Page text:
Congressional negotiators were moving rapidly at press time to finalize pension benefit reform legislation language which would allow the insurance industry to offer a host of new products in the defined contribution area–including providing investment advice to plan participants.
While decisions were tentative and details scanty, underwriter and agent industry officials were privately prepared to call the legislation a strong positive for the industry.
Rep. John Boehner, R-Ohio, House majority leader and a negotiator on the pension bill, said July 20 that he hopes the bill can be on the desk of President Bush this week.
Other members of Congress said a more likely scenario is for the House to vote on the bill before it leaves for a month-long summer recess July 27, and for the Senate to finish work on the bill before it leaves on Aug. 4.
David Stertzer, CEO of the Association for Advanced Life Underwriting, Falls Church, Va., agreed, saying on July 20 that there appears to be “positive developments” in the efforts to complete the pension legislation, perhaps as soon as the beginning of August.
Officials at the National Association of Insurance and Financial Advisors, Falls Church, Va., voiced concern about the value to plan participants of the investment advice compromise being drafted by bill negotiators. But, in general, lobbyists said they expect all of the proposals sought by the industry to be included “in some form” in the final package, according to a consensus of the American Council of Life Insurers, Washington; AALU and NAIFA lobbyists.
These included language codifying the tax treatment of corporate-owned life insurance and establishing a best practices system for the product’s sale; extending the pension and retirement benefit enhancements contained in the Economic Growth and Tax Relief Reconciliation Act of 2001 (EGTRRA); automatic enrollment in 401(k) plans; a provision allowing a long term care rider to annuities; and rollover of flexible spending account balances.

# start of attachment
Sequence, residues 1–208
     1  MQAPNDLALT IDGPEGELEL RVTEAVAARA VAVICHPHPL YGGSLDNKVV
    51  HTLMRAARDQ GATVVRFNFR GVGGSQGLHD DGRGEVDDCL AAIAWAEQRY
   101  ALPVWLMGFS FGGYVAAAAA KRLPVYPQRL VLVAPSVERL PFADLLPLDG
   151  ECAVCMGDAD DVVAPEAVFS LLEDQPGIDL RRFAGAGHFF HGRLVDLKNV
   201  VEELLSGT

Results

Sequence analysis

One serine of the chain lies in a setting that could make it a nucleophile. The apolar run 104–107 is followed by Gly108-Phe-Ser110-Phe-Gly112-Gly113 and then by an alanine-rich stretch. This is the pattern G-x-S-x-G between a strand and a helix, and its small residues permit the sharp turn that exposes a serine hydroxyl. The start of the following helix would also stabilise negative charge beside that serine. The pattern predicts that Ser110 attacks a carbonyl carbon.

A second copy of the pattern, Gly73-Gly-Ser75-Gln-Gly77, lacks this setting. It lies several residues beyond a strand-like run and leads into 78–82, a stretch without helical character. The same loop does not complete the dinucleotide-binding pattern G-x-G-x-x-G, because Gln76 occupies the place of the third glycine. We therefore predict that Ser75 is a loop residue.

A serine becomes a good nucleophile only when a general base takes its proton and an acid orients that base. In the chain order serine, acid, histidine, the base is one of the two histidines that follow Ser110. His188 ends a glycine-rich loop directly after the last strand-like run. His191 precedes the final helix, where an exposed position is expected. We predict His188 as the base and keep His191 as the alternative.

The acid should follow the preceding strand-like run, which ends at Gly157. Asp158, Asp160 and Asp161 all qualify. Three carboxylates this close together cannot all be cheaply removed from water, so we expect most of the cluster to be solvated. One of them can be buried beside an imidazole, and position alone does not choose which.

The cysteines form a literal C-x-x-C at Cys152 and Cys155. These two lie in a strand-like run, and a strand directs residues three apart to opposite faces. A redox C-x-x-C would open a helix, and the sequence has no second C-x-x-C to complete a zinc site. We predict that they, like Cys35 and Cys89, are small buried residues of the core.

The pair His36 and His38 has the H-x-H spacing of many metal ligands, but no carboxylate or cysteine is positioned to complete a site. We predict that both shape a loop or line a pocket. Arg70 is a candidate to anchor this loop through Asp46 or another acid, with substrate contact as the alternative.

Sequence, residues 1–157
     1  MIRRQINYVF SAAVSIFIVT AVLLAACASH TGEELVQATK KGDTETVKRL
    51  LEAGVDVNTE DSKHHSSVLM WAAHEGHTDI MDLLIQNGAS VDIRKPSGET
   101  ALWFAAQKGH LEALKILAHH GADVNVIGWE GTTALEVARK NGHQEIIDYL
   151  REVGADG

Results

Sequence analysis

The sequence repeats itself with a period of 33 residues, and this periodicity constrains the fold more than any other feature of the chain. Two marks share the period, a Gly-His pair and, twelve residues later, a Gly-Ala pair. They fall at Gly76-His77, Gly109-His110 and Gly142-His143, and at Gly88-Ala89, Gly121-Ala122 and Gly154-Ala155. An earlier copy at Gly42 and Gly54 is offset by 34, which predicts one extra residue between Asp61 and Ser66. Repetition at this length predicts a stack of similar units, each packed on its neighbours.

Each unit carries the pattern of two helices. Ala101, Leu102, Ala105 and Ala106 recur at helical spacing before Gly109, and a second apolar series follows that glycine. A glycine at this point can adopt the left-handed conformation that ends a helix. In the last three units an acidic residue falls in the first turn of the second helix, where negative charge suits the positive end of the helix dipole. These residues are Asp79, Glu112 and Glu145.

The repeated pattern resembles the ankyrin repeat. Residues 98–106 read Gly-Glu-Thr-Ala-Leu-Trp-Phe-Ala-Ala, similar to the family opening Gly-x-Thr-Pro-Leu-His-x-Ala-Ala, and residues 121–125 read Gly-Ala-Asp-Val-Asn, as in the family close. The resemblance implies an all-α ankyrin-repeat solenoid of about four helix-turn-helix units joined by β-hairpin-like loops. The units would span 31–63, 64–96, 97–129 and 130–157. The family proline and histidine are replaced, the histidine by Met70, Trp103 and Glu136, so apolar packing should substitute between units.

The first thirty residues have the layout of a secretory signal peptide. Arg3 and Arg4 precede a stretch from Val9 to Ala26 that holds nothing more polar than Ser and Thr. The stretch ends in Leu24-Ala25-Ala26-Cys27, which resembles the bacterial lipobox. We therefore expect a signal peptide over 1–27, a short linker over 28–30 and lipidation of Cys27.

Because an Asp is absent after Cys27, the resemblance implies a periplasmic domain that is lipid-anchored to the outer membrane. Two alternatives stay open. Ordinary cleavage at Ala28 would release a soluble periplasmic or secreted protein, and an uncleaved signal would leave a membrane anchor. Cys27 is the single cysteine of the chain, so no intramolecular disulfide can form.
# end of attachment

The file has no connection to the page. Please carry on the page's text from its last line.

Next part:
In another victory for the industry, negotiators apparently have decided not to include a provision in the pension reform bill or allied tax legislation that would have severely limited the sale of investor-owned life insurance (IOLI), or, as it is sometimes called, stranger-owned life insurance.
The reason the industry did not want the provision is that it was considered too broad and would go beyond just limiting what is considered inappropriate transactions, according to industry accounts.
That issue will be on the agenda for tax writers next year, lobbyists and staffers said.
But whether the cup could be declared half full or half empty depends on the success or failure of another effort by the Senate Republican leadership to dump an expensive estate tax reform proposal into the bill.
At press time, Sen. William Frist, R-Tenn., Senate majority leader, was trying to persuade bill negotiators to include in the bill language that would exempt the first $5 million of an individual’s estate and $10 million of a couple’s from taxation.